Cooper for his part suggests the use of incentives in some kid of economic development competition with other communities could ultimately be a zero-sum gain. “I make the comparison that if you go an entertainment district and one business says they have $2 drafts, then the other says they have $1.75 drafts, then one says $1.50,” he says. “No one really knows what’s getting people in the door any more.”

Maybe it’s best, he suggests, to find out who survives without the incentives, to learn who can live on this land alone. Certainly, when Sarasota first offered business incentives at the dawn of the recession, it made sense, but the community has some well-documented struggles with certain businesses failing to follow through on job creation. It’s important now that any tax breaks or other incentives being offered have accountability and purpose. But the best draw, Cooper says, may be a more intangible motivator—a great quality of life.


A Rich Environment 

When Motorworks Brewing opened up in Bradenton in 2013, the company supported about eight full-time employees and a handful of servers at a taproom. As of late 2018, the business employed 42 people, who all play their part in keeping the microbrewery successful. “It’s cool to step back and see what we’ve been able to do,” says Barry Elwonger, director of sales and marketing for Motorworks since its founding. Along the way, the business has gone from serving four homemade concoctions to put on tap in its own store to now brewing about 30 beers at any given time. A total of 300 unique flavors came from Motorworks taps since the company’s debut. But more important in the big picture, the business helped make Bradenton into a destination.

“We’ve met people from around the world who come here and say they made the trip for us,” Elwonger says. Credit the place-making power of craft beverages. Of course, there’s plenty else to toast for visitors in Sarasota. Sunsets and sandbars. Recreation and luxury. In that sense, the comfort of the region provides the greatest natural resource. Ultimately, it’s an ecosystem where everyone wants to live.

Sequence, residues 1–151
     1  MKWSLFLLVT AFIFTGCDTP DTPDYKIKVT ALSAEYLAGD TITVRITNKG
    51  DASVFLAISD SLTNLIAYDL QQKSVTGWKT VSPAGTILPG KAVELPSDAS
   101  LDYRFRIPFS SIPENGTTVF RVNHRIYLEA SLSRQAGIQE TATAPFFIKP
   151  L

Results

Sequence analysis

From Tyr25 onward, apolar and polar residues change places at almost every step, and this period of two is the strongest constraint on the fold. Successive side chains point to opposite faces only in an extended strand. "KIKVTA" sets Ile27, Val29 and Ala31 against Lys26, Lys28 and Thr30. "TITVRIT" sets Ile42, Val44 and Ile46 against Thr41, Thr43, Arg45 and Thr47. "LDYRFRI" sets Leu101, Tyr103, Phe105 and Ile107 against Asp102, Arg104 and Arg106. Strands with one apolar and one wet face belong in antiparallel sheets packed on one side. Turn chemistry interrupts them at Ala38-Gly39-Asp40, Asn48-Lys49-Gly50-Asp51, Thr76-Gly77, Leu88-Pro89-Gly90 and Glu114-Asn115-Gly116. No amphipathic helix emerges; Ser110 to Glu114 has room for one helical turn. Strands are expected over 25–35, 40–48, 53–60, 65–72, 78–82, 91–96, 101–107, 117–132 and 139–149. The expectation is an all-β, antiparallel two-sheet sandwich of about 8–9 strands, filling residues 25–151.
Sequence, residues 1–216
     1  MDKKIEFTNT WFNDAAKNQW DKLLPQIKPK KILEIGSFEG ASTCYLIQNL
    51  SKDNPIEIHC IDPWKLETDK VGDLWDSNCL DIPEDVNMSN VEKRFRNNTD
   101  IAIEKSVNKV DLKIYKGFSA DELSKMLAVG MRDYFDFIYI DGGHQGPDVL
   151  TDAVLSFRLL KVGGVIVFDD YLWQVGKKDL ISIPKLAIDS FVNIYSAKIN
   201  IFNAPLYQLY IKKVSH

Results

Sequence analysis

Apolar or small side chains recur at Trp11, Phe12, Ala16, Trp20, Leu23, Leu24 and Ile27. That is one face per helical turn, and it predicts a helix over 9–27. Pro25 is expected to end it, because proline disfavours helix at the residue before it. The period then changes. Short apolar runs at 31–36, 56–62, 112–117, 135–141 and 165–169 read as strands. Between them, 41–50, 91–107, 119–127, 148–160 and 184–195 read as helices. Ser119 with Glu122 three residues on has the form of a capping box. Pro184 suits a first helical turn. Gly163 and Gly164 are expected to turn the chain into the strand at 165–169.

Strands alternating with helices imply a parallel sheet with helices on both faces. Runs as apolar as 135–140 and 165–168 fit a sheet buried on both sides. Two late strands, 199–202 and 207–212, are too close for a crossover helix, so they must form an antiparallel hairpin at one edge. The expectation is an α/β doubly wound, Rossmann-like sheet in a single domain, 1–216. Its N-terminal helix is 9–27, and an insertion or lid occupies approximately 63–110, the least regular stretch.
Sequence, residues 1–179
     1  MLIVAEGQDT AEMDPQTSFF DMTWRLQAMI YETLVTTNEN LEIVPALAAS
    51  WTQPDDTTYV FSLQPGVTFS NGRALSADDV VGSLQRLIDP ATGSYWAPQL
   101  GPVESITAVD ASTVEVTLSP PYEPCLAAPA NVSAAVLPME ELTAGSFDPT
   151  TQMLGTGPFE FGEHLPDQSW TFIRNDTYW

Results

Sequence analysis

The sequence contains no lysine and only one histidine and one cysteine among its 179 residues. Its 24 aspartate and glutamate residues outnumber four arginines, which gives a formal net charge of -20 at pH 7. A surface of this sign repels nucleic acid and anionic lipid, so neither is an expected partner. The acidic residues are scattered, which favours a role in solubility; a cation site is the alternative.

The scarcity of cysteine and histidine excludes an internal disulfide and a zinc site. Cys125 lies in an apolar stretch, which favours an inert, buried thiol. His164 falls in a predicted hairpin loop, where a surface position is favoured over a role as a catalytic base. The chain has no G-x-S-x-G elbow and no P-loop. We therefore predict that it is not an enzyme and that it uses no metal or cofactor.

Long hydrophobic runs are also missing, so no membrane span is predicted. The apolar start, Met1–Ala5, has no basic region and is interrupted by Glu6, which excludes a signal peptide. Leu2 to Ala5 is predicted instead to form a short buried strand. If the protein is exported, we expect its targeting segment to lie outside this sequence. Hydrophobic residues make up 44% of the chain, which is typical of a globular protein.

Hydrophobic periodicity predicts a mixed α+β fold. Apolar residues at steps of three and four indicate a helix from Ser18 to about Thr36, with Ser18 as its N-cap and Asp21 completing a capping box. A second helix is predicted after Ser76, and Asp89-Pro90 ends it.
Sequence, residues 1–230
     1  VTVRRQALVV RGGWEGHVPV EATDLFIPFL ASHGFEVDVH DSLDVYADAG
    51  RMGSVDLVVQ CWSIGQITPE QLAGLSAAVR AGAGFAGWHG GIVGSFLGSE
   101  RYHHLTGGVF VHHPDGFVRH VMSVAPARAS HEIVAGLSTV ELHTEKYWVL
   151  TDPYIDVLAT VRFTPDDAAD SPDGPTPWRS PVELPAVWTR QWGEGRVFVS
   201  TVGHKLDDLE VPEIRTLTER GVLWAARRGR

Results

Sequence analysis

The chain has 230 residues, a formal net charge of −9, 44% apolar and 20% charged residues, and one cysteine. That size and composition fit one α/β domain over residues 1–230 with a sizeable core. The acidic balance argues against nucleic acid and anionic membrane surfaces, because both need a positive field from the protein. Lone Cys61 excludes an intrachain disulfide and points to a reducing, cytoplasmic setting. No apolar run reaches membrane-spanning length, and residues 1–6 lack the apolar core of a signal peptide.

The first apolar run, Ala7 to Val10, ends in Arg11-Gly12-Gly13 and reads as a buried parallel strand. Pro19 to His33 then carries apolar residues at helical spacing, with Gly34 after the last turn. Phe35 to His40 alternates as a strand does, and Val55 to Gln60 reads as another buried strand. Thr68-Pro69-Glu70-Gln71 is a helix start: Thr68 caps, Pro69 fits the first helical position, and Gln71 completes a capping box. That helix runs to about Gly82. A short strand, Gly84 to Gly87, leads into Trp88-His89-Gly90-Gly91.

“What we really offer that’s not like anywhere else is a quality of life,” Cooper says. “From an economic perspective, that creates opportunities for hiring and retention.”

Indeed, much of the investment in new businesses in the region comes from wealthy CEOs and retired professionals who come here for the beach lifestyle and stay to build their wealth some more. Huey says many people who already own second homes in the Sarasota area end up relocating the corporate headquarters here, whether for tax purposes or just because it’s easy to convince an administrative staff to make the Sarasota area their home year-round. A solid school system makes many executives happy to build their own nests here. And many who move here with no professional plans end up launching companies here in the end. “Part of the reason our home base is in Sarasota was personal for me. The idea for the startup was born here,” says Denver Stutler, Jr., CEO for U.S. Submergent Technologies. “The City of Sarasota has a lot of great energy and smart people with an interesting dichotomy of retirees and young families all in one area. There is a great education system in place here, and Sarasota has proven to have the resources we need to help us be successful.”